At the beginning of February, the eminent Ukrainian historian Serhii Plokhy gave an interview about Russian official attitudes to Ukraine. It proved prescient. Plokhii explained to the New Statesman that Putin’s version of Russian history was one current in 19th Century Imperial Russia, where the Tsars ruled three combined Russias; Russia itself, “little Russia” i.e. Ukraine, and “White Russia”, today’s Belarus.

This is now Putin’s view. It looks to the Tsars over the shoulder of the imperialism of Josef Stalin. Putinism yearns to restore the legacy of the Yalta Conference of February 1945, when Churchill, Roosevelt and Stalin agreed to carve the world into respective “spheres of influence”. For Stalin, this meant that any area of Europe liberated by the Red Army should fall under the thrall of the Soviet Union.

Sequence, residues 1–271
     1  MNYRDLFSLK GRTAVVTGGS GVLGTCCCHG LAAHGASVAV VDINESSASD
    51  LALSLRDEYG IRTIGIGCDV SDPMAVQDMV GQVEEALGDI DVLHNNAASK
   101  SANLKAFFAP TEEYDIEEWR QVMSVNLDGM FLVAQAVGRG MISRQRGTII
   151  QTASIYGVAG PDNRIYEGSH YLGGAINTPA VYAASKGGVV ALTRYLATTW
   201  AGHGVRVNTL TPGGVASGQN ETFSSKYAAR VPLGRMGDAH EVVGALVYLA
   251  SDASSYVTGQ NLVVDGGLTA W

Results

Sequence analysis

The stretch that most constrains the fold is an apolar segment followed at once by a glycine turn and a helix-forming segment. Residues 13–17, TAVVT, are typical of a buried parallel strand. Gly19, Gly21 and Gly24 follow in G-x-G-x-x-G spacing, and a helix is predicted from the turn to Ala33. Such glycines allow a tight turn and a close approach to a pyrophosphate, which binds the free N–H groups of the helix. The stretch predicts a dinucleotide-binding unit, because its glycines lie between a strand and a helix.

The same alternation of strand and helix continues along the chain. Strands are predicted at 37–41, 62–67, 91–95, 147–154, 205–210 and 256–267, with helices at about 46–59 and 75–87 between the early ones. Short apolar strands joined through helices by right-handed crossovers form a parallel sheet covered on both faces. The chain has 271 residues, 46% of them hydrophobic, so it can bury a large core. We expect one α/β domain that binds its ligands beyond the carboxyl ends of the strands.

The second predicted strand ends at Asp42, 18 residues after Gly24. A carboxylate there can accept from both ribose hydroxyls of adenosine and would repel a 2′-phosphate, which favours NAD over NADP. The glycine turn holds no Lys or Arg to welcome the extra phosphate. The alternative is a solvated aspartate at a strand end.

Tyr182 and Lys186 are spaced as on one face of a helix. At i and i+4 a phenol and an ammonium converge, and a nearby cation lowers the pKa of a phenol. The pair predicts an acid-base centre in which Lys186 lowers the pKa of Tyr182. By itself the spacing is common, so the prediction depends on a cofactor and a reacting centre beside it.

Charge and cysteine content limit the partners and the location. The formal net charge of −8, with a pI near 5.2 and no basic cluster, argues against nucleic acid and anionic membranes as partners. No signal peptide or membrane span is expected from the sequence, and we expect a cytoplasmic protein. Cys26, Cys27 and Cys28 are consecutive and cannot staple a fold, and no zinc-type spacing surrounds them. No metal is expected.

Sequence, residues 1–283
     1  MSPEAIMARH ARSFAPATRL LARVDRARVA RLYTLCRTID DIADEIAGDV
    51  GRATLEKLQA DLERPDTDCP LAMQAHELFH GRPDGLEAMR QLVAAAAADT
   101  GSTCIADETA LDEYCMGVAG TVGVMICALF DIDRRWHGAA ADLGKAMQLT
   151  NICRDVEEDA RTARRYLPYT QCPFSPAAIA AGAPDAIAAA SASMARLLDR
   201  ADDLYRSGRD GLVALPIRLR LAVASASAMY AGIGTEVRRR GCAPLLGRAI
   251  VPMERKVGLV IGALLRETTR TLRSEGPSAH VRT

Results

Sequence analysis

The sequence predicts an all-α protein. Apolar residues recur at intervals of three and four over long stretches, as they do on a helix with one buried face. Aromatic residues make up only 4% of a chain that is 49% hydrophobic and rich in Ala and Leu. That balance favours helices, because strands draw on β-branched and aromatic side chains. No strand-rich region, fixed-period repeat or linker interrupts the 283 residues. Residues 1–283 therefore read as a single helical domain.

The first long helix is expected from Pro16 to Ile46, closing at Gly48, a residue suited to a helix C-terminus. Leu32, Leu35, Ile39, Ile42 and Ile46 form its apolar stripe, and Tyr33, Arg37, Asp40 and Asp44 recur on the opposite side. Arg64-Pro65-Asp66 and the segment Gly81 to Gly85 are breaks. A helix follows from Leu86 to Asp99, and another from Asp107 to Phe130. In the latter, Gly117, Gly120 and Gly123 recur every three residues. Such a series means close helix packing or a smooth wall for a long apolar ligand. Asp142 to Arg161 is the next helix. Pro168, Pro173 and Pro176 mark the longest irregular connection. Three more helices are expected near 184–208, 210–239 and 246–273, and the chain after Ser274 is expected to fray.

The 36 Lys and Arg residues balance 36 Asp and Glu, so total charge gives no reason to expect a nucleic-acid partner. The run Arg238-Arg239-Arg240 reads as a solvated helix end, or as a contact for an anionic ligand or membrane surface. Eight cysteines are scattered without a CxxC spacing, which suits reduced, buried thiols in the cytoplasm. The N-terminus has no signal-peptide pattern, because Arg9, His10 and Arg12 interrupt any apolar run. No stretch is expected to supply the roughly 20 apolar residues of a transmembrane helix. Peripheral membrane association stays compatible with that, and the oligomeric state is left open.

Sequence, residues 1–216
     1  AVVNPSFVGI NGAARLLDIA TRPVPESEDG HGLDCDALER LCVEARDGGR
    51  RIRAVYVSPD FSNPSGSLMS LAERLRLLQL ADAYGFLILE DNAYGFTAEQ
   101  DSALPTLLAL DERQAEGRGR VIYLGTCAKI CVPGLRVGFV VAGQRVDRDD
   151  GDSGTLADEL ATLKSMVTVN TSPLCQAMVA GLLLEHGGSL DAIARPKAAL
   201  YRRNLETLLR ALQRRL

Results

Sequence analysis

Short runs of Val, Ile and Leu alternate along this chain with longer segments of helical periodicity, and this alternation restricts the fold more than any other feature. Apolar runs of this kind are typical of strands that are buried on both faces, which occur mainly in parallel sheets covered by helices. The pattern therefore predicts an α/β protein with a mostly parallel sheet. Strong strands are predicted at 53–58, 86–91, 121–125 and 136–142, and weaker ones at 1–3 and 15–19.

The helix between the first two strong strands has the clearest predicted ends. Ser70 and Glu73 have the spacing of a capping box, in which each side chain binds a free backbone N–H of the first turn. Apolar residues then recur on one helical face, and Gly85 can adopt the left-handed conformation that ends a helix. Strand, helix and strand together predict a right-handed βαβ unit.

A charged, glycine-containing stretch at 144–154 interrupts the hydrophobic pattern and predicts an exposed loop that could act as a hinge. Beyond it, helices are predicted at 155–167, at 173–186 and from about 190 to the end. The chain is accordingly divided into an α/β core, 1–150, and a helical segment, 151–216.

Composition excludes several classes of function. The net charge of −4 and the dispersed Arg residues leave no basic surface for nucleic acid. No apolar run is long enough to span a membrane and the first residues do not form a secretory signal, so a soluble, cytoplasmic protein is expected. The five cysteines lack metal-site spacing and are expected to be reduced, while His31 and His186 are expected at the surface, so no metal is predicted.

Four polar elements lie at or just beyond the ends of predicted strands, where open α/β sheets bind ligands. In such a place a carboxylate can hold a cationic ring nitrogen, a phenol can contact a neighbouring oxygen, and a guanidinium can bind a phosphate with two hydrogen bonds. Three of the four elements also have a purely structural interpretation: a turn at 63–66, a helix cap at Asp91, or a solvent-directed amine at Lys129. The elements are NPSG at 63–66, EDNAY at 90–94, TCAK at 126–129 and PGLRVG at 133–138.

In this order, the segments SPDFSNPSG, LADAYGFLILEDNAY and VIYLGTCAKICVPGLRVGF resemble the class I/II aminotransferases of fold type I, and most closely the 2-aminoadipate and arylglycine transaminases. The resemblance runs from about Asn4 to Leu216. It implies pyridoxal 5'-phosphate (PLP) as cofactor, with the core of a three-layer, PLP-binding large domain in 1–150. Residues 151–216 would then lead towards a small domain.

This has now become the Putin broken record purporting to be historically informed policy. This, says Plokhy, leads to a belief that smaller countries do not have the right to full sovereignty. Too much democracy cannot be allowed to exist in client states, whether it’s Finland after 1940, Armenia since the revolution of 2018, or Ukraine from 1991 on. “Countries being both democratic and pro-Russian in geopolitical terms is a virtual impossibility. A democratic Poland would not have been a member of the Warsaw Pact in the Cold War.”